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donald trumpEvery day, families of law enforcement personnel see their loved ones leave their homes and go to a job to safeguard the public. They know that whether it be their first day or their last on the job, they could die in the line of duty. This is also true for family members of the US Secret Service.

In their service, they may lose their life to protect the President of the United States or some other government principal. The quip of any one of them being willing to step in front of a bullet is often used to describe their devotion to duty in protecting the individuals they are assigned to protect. Having had the fortune of knowing and working with many of these men and women, I’ve never doubted their skill, courage, integrity or readiness to lay down their life for a President or principal.

Their job calls for tremendous sacrifice –and that is just one more reason why Donald Trump’s repugnant remarks insinuating the assassination of his electoral opponent, Hillary Clinton, are way over the line.

On several occasions this campaign season, we’ve seen the Secret Service spring into action for both Mr. Trump and Mrs. Clinton when protestor(s) came too close or were doing something that could precipitate their physical harm. In those instances, we saw professionalism, courage and attention to duty on display.

Trying to police any public crowd in an era where threats are complex, dynamic and can come from any direction is hard enough. But when a candidate makes remarks as cavalierly as Mr. Trump did in regard to how “Second Amendment people” might deal with Hillary Clinton if she tries to get rid of the right to bear arms (something she has never said or proposed), then he is putting even bigger crosshairs on the lives of those Secret Service agents – as well as the principals and public that go to see them.

Irresponsible rhetoric from politicians, media personalities, religious leaders, or anyone of public consequence has more than set off already angry individuals to undertake such extreme actions. The late Israeli Prime Minister Yitzhak Rabin was murdered by such an inspired individual, and there are more than enough international and American names to add to that tragic, bloody list.

The words, tenor and actions of any political leader have tremendous consequences. They can be inspirational as well as confrontational, but when they can inflame an already agitated, angst-ridden individual to do something as catastrophically drastic as an assassination attempt against an opponent, whatever credibility or sense of decency that leader possesses is lost.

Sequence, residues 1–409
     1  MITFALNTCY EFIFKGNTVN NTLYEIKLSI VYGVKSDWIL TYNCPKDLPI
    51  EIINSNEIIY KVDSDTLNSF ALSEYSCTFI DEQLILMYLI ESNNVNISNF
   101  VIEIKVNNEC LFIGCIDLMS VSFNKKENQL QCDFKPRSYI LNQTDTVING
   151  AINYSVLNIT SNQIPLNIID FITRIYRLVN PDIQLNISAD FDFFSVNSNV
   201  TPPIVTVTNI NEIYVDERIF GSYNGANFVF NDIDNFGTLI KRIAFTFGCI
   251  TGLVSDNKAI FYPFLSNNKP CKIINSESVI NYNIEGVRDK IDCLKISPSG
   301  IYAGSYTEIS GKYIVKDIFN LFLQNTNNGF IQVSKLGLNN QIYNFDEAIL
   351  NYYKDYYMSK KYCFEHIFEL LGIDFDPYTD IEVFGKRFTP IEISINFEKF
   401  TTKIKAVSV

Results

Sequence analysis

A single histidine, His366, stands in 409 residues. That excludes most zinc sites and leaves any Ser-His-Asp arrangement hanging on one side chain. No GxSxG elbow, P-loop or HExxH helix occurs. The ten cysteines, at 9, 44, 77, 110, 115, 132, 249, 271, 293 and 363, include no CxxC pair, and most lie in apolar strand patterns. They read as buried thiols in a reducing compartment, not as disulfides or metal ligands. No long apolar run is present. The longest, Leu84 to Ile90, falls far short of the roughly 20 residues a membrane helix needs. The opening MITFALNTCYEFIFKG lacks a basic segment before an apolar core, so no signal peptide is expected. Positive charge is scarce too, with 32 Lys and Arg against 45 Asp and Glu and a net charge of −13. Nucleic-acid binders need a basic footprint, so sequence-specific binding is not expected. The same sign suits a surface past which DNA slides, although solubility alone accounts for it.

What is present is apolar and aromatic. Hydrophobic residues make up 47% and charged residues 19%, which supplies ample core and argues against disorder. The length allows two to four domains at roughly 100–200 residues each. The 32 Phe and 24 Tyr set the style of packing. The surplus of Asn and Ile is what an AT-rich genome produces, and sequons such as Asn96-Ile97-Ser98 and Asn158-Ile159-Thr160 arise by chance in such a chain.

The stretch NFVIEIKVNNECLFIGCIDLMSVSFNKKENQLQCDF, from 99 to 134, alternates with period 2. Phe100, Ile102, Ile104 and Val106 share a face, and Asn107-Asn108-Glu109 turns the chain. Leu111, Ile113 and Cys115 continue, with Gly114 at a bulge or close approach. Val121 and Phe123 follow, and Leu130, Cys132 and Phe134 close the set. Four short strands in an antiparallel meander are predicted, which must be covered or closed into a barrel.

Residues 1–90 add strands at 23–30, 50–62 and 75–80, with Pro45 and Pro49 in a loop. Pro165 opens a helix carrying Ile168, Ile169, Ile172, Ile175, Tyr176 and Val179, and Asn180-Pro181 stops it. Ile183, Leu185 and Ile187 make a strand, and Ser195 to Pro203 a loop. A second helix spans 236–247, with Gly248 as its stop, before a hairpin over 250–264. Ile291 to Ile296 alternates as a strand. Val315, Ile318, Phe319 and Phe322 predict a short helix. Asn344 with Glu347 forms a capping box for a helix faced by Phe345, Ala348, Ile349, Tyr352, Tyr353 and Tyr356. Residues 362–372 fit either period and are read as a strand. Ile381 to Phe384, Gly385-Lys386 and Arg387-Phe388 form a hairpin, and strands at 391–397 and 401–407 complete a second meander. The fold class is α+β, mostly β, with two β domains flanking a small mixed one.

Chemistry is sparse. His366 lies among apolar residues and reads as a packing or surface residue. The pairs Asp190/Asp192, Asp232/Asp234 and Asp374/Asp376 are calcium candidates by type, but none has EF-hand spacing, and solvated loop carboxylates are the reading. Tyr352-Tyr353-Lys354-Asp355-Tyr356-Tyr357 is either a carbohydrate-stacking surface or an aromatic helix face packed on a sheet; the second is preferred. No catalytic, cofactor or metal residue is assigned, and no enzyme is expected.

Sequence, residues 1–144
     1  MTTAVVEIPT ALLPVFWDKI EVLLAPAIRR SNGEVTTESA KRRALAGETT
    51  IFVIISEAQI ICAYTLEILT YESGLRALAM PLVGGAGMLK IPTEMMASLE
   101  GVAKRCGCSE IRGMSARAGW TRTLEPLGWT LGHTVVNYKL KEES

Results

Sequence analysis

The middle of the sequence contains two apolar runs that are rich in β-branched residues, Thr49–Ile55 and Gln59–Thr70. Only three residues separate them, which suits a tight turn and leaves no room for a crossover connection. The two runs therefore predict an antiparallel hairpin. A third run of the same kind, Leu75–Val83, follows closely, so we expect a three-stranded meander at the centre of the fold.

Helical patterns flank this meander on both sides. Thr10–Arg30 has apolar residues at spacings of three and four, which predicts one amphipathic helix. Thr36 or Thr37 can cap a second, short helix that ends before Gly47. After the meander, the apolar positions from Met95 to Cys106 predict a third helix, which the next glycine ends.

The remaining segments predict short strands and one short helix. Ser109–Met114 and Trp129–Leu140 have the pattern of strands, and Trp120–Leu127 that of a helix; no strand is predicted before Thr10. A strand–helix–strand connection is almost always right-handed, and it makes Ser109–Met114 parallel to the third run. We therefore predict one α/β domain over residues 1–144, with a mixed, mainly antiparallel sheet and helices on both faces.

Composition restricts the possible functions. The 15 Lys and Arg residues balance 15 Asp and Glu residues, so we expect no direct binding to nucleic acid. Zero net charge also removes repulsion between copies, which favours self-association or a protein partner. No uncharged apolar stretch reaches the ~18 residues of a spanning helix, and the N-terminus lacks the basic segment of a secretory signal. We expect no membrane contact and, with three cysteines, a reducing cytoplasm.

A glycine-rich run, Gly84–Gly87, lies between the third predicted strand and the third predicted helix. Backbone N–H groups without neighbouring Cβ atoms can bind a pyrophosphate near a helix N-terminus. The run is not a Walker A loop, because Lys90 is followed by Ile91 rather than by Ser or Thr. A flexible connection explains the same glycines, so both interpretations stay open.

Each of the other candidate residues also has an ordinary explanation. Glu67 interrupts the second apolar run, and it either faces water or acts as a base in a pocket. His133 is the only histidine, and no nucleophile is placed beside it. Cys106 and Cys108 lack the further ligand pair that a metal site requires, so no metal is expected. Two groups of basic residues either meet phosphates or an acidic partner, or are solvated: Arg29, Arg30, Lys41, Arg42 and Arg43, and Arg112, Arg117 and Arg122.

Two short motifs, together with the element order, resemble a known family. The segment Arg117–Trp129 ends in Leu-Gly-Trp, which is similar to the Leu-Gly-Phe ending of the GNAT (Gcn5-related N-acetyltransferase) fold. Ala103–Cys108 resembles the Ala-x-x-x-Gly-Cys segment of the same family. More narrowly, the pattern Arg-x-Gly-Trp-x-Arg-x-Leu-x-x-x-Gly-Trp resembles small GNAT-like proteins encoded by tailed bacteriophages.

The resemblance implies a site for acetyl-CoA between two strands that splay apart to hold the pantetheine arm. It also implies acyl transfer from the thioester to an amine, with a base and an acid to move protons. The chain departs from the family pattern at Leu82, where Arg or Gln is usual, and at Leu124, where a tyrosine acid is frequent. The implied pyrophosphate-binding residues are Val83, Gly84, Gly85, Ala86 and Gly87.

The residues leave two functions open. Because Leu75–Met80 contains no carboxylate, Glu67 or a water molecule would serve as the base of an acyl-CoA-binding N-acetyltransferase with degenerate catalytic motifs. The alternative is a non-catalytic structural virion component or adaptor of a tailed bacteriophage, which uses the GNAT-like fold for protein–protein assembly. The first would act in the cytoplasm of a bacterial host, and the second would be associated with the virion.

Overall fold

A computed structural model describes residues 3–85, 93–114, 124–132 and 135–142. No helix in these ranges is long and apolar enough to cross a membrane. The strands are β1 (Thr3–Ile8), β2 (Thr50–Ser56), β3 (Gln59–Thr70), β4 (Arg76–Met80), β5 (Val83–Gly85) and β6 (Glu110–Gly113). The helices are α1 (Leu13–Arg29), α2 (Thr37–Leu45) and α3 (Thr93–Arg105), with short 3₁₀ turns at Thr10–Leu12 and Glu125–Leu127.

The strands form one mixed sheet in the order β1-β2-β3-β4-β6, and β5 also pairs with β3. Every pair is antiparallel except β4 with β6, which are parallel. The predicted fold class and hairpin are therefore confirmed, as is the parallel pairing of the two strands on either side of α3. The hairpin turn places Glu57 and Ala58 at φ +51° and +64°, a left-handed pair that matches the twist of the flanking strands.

Throughout this campaign, Mr. Trump has shown his lack of character, credibility or suitability for a position to lead a freedom loving people. The First Amendment of our country permits him, as well as his followers and opponents the freedom, to express those opinions in multiple ways. Insinuating violence demonstrates none of the wisdom or character of our Founders when they crafted the Presidency, the Second Amendment or any other part of the Constitution that they supposedly revere.

Every time Trump opens his mouth, he makes the Secret Service’s job harder, not only for his political opponent’s protective detail but his own detail as well.

Sowing seeds of disrespect, carelessness and flippancy by carefully using words to plot the dots of an easy to connect deviant message is not the sign of a leader of character and wisdom that the Oval Office should contain.

It’s a sign of an insecure bully that plays to fears, rather than a visionary that seeks a better future.

Because of his recently secured nomination, Trump is being appropriately guarded by men and women willing to step in front of a bullet for him. While he professes his willingness to preserve the Second Amendment, Trump should be smart enough to understand the responsibilities that come from exercising the rights of the First Amendment in his use of free speech.

But that may be too far a bridge for him to cross. My fear is the continued recklessness of his tongue will cost the lives of the innocents that are either around him, the lives of his opponents, or those who are protecting him.

That recklessness is terrifying, and it demonstrates why Trump should not be the 45th President of the United States.

Rich Cooper blog primarily on emergency preparedness and response, management issues related to the Department of Homeland Security, and the private sector’s role in homeland security. Read More